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Frequently Asked Questions for Tech Support

Frequently Asked Questions for Tech Support

Having a burning question? Chances are someone might have asked the same question before. Here is a collection of frequently asked questions to our tech support through e-mail and phone calls. Of course, if you don't see your question answered here, please send us a note or call our tech support hotline, 713-773-9696.

The power supply in my new ATX case does not seem to work. After I plugged the power supply and turned on the switch, the fan did not turn. I did not detect any voltage coming out of the power supply, either. Is this a defected power supply?

We sell very affordable PSU testers in: Click here to see our selection. With these testers it is possible to test a power supply without a motherboard connected.

ATX power supplies require a working motherboard with a working CPU, memory, and video card to function properly. ATX power supplies switched on only through a motherboard connector. In other words, it needs to be connected to a functioning computer before the fan inside the power supply will turn on and the voltage from the connectors can be measured. That's how ATX is designed.

It would be useful to connect a speaker properly to a motherboard, almost every motherboard sends coded beeps if something is amiss. Not having a speaker connected will severely limit your troubleshooting attempts. The meaning of beeping codes should be described in the motherboard manual. Some motherboards also have LEDs that help to determine the error states.

If your motherboards requires a special power to be hooked up to a plug near the CPU (it is 2x2 or 2x4 plug), do not forget to do so or CPU might not have power to run the motherboard. It is especially true for the motherboards that can run double core CPUs.

Check the voltage selection switch on the back of the power supply. Make sure it is set for 115V, the Northern American voltage, a very common mistake. If it is set for 220V, it will act as a dead PSU. All it requires is a flip of the voltage selection switch. Switch it back and forth to make sure it is switch all the way to a correct selection.

Now, find a description in the manual how to clear the CMOS - BIOS through a jumper or other means. A BIOS with corrupted data can prevent a motherboard to power on. What this step does is returning memory of BIOS to the factory settings. Do not forget to place the jumper back before attempting to boot again! (see motherboard manual for correct jumper position)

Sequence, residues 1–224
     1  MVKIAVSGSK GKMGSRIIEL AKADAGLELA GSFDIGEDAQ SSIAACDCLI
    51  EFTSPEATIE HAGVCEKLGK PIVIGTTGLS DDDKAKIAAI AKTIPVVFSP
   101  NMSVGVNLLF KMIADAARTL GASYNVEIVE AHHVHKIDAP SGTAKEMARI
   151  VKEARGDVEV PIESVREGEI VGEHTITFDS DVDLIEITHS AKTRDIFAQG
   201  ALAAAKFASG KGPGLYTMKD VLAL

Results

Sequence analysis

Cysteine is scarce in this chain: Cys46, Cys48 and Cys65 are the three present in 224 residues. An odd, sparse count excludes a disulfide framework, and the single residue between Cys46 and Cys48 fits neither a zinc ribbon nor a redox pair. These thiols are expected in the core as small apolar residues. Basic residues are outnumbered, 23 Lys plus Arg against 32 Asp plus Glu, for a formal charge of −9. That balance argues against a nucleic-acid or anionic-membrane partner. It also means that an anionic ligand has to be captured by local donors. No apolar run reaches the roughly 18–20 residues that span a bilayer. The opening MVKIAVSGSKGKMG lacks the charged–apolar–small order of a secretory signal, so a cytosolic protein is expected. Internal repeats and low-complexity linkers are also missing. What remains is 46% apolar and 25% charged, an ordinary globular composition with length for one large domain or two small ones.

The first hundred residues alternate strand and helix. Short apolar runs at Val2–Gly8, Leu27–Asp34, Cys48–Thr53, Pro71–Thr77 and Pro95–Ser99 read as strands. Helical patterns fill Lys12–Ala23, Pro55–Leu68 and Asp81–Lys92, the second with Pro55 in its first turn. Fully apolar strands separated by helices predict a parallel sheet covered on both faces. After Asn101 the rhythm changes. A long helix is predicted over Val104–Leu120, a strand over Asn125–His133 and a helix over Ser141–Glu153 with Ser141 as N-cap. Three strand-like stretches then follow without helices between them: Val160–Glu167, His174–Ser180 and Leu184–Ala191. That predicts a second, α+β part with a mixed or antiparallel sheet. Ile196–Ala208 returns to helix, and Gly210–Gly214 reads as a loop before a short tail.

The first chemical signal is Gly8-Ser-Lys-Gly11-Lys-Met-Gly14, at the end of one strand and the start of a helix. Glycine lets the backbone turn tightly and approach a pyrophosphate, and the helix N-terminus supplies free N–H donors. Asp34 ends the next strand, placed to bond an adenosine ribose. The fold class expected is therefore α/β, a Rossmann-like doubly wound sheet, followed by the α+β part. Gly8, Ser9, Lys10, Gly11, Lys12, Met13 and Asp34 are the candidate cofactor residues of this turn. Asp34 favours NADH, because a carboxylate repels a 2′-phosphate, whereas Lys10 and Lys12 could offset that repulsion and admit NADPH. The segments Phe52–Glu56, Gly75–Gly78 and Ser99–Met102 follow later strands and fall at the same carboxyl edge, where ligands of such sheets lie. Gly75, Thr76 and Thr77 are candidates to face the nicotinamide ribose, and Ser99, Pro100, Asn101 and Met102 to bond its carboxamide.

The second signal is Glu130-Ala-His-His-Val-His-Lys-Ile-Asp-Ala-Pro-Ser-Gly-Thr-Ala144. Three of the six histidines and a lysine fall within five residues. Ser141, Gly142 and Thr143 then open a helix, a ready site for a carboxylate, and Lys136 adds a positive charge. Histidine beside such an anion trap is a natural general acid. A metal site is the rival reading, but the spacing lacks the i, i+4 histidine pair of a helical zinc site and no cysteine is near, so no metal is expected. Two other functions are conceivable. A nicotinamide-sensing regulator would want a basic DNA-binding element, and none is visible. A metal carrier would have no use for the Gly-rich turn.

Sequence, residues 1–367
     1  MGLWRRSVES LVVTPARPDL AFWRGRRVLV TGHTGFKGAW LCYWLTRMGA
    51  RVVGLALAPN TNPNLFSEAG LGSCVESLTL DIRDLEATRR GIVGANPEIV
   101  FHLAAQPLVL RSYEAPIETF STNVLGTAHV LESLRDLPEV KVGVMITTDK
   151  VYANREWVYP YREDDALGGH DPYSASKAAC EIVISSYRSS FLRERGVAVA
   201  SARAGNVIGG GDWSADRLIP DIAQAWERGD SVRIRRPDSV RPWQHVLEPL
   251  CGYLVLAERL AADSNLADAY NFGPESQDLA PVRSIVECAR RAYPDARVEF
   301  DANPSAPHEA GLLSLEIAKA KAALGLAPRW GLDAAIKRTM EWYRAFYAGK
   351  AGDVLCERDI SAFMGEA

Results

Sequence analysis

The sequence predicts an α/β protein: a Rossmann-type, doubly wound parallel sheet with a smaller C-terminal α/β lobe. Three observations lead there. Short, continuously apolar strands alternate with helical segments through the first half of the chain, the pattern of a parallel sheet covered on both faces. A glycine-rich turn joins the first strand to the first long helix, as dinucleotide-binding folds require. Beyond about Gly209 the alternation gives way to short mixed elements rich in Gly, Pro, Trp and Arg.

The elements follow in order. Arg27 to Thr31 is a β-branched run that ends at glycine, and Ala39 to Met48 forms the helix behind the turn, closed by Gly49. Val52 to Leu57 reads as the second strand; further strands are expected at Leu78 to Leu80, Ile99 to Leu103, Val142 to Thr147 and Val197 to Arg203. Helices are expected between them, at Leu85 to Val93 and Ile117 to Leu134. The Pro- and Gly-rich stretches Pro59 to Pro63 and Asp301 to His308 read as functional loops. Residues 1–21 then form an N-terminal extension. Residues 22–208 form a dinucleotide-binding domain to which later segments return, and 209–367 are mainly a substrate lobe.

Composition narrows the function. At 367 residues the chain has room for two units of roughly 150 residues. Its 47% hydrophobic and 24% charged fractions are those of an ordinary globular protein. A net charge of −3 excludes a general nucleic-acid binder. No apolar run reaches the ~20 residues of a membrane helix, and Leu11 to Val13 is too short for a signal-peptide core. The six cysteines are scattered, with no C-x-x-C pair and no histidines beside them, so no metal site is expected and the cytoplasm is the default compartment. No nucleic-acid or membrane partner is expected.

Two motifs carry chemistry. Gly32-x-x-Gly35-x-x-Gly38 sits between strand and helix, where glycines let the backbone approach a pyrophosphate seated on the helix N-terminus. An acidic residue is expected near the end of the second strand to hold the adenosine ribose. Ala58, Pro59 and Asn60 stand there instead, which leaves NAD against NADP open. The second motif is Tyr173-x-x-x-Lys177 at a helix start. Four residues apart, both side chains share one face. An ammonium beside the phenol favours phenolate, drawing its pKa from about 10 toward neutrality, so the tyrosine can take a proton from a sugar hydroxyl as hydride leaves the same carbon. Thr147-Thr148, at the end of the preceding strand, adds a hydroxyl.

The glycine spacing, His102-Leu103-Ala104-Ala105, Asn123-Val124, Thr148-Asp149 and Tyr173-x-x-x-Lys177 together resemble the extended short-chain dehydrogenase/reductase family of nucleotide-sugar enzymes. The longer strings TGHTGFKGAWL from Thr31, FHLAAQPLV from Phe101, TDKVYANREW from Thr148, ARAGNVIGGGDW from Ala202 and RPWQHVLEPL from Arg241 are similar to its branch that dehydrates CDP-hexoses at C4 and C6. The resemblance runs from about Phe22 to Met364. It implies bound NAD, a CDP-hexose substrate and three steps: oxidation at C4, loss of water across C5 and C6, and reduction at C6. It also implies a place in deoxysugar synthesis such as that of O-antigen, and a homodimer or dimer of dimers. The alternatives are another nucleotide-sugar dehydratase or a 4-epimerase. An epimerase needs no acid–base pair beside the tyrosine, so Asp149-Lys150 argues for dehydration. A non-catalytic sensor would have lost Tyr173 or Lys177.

Make sure that the processor, memory and video card are properly inserted, re-sit them to be sure, do so even if the hardware seems to be sitted well. More often than not it is a memory module not sitted all the way. Reposition a video card, sometimes when you tighten it to the case, the video card slides out some from the slot. If all fails try remove and install once again a CPU. The next step would be to dismount a motherboard, the connectors from the bottom or the case itself can short parts of the motherboard. When running tests, do not connect power supply to any extra hardware like case fans or hard drives, the PSU should power only the motherboard and a video card if one is present. Remove motherboard from the case, place it on non-conductive surface, remove every component, re-install CPU without installing memory or video card. If it works then put in memory, test, if works, then put in video card and test again. This way you may find a components that is refusing to "cooperate."

If the system still does not power up, see if the new power supply in question would work in another working computer or see if another working power supply would power up the new system you are building.

At times the manufacturer's phone support or forums can have a valuable information about your hardware. One may never know that the simple things like a defective power cable, turned off power surge protector, incorrectly hooked up power switch to the motherboard can be causes of misfunction.

If the power supply is confirmed defective, file an online RMA request and ship back only the power supply but not the entire case for exchange.